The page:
I welcome messages from parishes about what they are doing and their plans. It would be great to be able to share these sto-ries with one another, and I will find ways to do this.

The various Archdiocesan services which provide support for parishes have each agreed to take on certain Synod outcomes which are relevant to their work. The Council of Priests has also been overseeing various Synod-related projects, and the Archdiocesan Pastoral Council has been providing advice on specific Synod outcomes at each of its meetings. These are some of the things have happened or are in progress:

  • A formation programme for a Spirituality of Service has been developed and sent to parishes and other interested groups;
  • The priests of the Archdiocese have had a Mini Clergy Assembly to look at how to improve homilies and deepen their ministry in the Sacrament of Reconciliation;
  • Gift discernment sessions have been provided for several parishes who felt they were ready for this opportunity;
  • The Launch Out Programme has been reviewed to determine if it is achieving what it was set up to do, and whether it has a wider formation role, and I am about to begin considering its outcomes;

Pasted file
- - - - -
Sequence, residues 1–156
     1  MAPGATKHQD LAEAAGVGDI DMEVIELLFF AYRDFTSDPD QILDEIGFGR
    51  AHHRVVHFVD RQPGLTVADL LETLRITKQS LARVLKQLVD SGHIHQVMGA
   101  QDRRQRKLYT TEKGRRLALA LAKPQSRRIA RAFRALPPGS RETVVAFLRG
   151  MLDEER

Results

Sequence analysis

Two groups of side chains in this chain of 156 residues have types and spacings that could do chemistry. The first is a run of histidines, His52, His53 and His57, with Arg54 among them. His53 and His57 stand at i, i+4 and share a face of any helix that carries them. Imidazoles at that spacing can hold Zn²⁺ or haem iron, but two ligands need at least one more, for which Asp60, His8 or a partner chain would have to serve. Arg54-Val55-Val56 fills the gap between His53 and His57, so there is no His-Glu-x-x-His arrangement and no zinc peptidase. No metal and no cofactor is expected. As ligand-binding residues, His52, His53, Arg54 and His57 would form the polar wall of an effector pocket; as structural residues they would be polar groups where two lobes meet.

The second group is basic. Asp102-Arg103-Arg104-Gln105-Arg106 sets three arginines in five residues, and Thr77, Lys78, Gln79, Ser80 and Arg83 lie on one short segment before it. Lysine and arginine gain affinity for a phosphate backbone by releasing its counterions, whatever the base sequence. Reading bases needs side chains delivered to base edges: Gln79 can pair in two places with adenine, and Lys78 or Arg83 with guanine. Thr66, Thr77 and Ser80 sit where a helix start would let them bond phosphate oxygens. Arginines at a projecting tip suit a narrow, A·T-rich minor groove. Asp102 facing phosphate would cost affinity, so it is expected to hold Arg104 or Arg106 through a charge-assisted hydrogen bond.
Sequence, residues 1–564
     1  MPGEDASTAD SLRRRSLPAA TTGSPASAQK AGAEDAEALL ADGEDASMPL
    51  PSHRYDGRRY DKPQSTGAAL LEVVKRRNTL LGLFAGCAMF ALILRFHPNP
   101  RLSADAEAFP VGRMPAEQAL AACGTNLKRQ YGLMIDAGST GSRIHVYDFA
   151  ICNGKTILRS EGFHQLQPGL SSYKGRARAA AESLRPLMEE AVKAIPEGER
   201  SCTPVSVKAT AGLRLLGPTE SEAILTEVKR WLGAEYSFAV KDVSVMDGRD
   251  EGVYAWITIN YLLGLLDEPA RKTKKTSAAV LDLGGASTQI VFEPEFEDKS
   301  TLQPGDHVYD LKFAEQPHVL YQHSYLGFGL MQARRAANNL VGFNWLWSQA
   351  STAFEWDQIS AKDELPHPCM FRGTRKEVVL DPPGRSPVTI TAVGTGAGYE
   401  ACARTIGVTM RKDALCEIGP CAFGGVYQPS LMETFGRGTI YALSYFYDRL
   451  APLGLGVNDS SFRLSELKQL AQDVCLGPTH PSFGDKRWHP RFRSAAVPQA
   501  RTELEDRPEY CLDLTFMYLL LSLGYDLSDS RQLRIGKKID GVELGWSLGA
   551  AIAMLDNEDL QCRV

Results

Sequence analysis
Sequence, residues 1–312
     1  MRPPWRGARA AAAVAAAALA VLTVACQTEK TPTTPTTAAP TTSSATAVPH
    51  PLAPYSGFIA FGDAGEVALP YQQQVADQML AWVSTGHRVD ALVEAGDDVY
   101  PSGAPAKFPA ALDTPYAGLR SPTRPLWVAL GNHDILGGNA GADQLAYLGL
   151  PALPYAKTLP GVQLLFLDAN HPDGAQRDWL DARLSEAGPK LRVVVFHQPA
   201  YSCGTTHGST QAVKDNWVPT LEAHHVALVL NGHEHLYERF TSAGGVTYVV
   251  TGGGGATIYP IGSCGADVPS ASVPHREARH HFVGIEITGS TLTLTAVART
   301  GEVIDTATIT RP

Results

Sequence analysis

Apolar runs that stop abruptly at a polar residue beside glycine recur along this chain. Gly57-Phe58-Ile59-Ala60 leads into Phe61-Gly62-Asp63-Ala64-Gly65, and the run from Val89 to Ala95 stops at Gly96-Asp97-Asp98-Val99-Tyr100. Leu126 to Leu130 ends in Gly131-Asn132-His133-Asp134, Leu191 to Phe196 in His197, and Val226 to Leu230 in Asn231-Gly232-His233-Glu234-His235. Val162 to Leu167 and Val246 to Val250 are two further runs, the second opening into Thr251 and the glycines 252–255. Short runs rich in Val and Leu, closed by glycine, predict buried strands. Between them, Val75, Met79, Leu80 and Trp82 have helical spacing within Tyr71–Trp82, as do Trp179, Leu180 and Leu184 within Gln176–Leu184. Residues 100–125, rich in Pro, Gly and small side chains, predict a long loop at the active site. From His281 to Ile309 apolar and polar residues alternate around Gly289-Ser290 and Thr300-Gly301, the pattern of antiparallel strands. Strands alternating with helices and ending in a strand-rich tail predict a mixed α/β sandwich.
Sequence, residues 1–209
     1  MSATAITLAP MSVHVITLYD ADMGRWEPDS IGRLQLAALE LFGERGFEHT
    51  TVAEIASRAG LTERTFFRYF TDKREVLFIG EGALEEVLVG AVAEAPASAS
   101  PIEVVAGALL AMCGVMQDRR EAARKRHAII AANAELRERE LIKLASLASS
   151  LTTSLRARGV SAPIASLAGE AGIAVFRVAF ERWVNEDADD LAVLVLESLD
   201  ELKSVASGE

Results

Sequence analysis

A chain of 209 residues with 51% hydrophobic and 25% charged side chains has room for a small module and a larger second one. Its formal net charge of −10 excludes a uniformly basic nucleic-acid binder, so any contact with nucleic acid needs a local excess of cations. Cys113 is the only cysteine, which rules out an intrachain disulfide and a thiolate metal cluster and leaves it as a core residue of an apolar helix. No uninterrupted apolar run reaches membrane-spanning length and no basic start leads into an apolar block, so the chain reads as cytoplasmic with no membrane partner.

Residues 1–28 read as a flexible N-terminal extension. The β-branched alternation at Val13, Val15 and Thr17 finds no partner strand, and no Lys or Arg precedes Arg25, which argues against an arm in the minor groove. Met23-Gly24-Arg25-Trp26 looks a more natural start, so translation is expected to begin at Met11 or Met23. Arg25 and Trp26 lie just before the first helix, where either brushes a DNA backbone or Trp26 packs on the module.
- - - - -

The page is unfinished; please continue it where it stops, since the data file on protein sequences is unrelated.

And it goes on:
• A policy to ensure continuity in practice and lay leadership when there is a change in the parish priest has been sent to parishes to use as a trial when there is a change not just in parish priest but in any member of the Pastoral Team;
  • A social media strategy for encouraging vocations to the diocesan priesthood is being worked on;
  • Terms of Reference have been written for reviewing the Landing the Waka programme (the induction programme for international priests and for the review the place and scope of ethnic chaplaincies in the Archdiocese;
  • The first Mass for the separated and divorced was held recently, and a new programme to address their needs is being developed;
  • Work has just begun on developing a new Archdiocesan website and social media which will fill the role of a “hub of connectedness” for the purposes of building community through telling stories (personal and collective), sharing re-sources, linking to apps, disseminating information, sharing best practice and ways of getting involved.
  • I am aware that some people think that not much has changed. However, I believe we have much to be grateful for. There is, of course still a long way to go, but all growth and progress takes time and as always we rely on and trust in the grace of God and the inspiration of the Holy Spirit. One year on from the Synod I wish to thank everyone for the great partici-pation in the Mission of the Church, and the willingness to be involved and give generously of your time, talents and treasures.

Thank you very much for all that you do.

Nāku noa, nā + Hoane

The full newsletter can be viewed here.